The AquaVault, a portable lockbox, is the type of travel product you would find in the pages of SkyMall magazine next to the heated stadium seat cushion, eye mask attached to a travel pillow or luggage belt with a built-in scale. They’re ingenious yet paradoxically frivolous outside of the first world because of the obvious alternative solutions.
After all how often do you sit in a stadium that’s so cold you need heat under your rump? It’s probably about as often as you would need to store your valuables in a white plastic box with a resettable combination lock that attaches to a lounge chair. You look at these products and can’t help but think: “WTF! Why didn’t I think of that!”
Robert Peck, Avin Samtani and Jonathan Kinas are a trio of friends genius enough to think of the AquaVault. They launched it in summer 2013 after two years of development. To bootstrap their Aventura, Fla.-based business, they gave up six-figure salaries in financial services and industrial contracting, cashed out retirement savings and sold their homes.
“We knew that if we did not execute on this idea, we would forever regret it and wonder what could have been,” said Kinas.
They surely have nothing to regret after hooking a deal on Shark Tank. AquaVault’s founding trio plunged into the Tank in Season 6, March 2015. They were seeking $75,000 for a 12% stake of their business, valuing it at $625,000 on total sales of nearly $90,000.
Computer security king Robert Herjavec first offered $75,000 for 25%. But he retracted after hearing that they sold only 250 units among a dozen websites despite being featured on the Today Show and having reached out to numerous media outlets and bloggers.
“The more I heard, the more problems I heard,” Herjavec said. “I’m out.”
Kevin O’Leary, the educational software mogul, twisted the knife in the wound.
“One moment it was there and then ‘poof’ it’s gone,” O’Leary scolded. “You talk too much and you can’t keep you mouth shut and you lose a deal.”
Men’s fashion tycoon Daymond John offered the same deal as Herjavec. He insisted that they give an answer “now,” without letting any of the other Sharks compete. Peck, Kinas and Samtani glanced at each for a split second and accepted John’s deal without any discussion.
After Shark Tank, sales spiked more than fivefold from $87,000 to $500,000. Sales are expected to top $2 million this year and a mind-blowing $10 million annually within five years.
Kinas proves to be a treasure trove of business insights. He unlocks the secrets of bootstrapping a business, selling with zero marketing budget and locking a deal on Shark Tank.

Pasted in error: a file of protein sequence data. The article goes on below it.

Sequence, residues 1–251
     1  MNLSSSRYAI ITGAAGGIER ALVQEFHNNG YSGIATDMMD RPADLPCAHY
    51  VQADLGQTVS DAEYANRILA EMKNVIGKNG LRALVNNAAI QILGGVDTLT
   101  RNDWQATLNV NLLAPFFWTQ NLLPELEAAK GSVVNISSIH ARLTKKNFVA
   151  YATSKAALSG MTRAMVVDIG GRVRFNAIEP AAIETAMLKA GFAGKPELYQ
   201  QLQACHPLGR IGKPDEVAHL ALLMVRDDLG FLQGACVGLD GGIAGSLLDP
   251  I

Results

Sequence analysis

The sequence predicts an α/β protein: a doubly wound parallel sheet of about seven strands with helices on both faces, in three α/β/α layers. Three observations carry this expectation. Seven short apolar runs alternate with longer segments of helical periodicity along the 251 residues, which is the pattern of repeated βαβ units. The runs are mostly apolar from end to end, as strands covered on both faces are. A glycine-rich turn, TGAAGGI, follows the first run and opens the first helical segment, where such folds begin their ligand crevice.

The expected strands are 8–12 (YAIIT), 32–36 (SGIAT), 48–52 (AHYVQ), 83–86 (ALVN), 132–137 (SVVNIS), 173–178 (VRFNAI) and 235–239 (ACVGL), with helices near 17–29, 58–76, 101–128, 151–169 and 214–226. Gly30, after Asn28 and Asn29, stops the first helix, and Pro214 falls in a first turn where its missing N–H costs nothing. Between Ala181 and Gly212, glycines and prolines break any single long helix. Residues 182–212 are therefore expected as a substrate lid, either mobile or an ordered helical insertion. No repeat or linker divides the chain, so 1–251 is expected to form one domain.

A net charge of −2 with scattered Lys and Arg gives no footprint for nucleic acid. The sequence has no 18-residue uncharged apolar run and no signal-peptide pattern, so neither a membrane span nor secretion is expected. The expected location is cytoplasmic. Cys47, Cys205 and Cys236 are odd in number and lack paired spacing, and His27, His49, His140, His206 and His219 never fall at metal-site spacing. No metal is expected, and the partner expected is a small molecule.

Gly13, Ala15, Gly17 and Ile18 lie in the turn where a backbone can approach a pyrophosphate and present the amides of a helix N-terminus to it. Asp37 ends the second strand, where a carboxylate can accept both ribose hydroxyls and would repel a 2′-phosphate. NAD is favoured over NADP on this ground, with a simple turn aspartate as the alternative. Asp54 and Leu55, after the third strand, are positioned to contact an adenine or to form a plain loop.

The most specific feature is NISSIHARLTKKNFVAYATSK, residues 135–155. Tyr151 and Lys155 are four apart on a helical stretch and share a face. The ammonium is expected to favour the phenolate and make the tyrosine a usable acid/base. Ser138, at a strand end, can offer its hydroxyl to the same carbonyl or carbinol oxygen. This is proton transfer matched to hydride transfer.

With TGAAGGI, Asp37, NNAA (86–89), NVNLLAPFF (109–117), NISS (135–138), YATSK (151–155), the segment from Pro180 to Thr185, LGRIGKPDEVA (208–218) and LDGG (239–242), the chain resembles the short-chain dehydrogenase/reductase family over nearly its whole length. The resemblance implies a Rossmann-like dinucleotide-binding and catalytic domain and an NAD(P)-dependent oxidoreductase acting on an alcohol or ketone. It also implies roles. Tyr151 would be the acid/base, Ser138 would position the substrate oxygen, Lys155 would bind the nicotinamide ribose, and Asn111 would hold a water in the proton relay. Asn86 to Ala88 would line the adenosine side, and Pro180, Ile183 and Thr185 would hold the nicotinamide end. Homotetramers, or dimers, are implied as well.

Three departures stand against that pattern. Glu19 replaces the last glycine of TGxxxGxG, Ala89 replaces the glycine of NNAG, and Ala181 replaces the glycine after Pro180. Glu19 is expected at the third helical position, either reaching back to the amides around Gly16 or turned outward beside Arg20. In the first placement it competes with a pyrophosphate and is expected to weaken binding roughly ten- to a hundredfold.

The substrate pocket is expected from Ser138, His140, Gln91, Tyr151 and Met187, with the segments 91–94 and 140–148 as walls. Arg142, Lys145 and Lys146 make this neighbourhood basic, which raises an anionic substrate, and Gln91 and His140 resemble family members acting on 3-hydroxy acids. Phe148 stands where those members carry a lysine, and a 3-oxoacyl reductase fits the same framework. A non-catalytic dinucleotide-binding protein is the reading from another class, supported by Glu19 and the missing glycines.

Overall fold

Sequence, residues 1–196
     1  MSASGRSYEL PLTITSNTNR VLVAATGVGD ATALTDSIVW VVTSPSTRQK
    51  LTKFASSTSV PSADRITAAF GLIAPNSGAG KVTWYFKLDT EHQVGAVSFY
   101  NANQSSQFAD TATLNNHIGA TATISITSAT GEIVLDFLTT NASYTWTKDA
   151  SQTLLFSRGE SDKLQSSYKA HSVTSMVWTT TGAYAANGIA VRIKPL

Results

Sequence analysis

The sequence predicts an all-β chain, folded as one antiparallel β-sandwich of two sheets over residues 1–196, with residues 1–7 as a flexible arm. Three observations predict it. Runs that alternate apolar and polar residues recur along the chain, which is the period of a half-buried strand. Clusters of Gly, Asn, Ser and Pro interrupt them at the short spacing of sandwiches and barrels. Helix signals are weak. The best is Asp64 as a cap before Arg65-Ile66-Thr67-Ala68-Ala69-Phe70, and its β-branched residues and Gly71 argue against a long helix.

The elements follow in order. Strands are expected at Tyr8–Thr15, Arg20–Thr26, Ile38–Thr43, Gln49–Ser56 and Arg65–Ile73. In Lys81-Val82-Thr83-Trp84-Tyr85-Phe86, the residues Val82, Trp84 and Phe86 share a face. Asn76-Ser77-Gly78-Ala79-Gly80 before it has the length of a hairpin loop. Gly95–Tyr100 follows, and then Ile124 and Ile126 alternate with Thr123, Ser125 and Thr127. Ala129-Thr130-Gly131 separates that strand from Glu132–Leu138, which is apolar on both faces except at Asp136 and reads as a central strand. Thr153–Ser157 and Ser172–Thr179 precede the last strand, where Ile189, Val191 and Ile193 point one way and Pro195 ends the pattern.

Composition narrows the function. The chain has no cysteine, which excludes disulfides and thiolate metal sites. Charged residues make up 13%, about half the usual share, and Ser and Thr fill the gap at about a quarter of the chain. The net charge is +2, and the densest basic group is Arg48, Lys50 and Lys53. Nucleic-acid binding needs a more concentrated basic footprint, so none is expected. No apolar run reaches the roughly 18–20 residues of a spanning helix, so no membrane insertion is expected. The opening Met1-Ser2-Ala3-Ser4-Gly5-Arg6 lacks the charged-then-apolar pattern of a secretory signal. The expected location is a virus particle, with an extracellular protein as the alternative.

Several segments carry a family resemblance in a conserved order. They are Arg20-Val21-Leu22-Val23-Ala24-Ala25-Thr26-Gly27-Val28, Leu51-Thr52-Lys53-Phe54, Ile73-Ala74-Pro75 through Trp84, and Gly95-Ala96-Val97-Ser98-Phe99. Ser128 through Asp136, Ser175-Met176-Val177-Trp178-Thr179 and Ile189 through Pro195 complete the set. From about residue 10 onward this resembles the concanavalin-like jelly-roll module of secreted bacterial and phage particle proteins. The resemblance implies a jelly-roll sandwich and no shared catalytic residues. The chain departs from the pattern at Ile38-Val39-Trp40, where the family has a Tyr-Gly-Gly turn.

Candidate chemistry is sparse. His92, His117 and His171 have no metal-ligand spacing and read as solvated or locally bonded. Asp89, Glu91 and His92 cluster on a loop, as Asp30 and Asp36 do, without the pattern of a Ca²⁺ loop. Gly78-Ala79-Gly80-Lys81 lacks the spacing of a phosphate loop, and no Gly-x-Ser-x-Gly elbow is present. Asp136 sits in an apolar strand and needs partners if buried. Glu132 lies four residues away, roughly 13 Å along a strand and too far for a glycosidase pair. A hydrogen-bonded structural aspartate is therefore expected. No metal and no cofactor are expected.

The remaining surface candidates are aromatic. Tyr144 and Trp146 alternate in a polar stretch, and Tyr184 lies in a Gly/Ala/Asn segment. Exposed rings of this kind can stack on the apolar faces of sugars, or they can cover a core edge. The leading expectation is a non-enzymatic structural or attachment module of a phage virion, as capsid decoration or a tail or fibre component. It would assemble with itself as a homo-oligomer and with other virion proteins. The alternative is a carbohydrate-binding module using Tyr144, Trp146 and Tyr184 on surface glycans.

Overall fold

From an Idea on a Napkin to a Bootstrapped Business
Ho: How did you come up with the idea for your business?
Kinas: It was a Saturday afternoon and we were all staying at one of the finer hotels in South Beach. The hotel will remain nameless for obvious reasons. But they now offer AquaVaults to their guests.
Before jumping in the pool, I inconspicuously hid all of my valuables in my shoes and tucked them underneath my lounge chair. Upon returning from a short swim, everything was gone. After wasting hours with the hotel security and police officers, it was very apparent that this unfortunate situation was a common occurrence.
One of the officers said: “Do you have any idea how many times a day we get calls for theft on the beach?” That single response provoked the wheels to spin in overdrive, which gave us the idea for inventing a portable safe that attaches to lounge chairs.
That night we created pages of sketches for what we knew would answer the question, “Where do I hide my valuables when going for a swim?” We knew that virtually everyone either knows of someone or heard of someone being robbed at the beach.
It was just remarkable to discover that nobody had come up with an idea to address this massive problem. Aside from coming up with a great idea, when making the commitment to form our partnership, it was critical that we all had complimentary skill sets, good chemistry and most importantly, we all shared in the same vision.
We acknowledged that every startup is fundamentally uncertain and the only guarantee is the commitment of blood, sweat and tears. We knew right from the beginning that if we were to work together, each one of us had to demonstrate a unique added value to justify the immediate dilution of ownership.
None of us had prior experience with inventing anything. The fear of failure and uncertainty were the first obstacles we collectively needed overcome. To quote Reid Hoffman, “An entrepreneur is someone who jumps off a cliff and builds a plane on the way down.”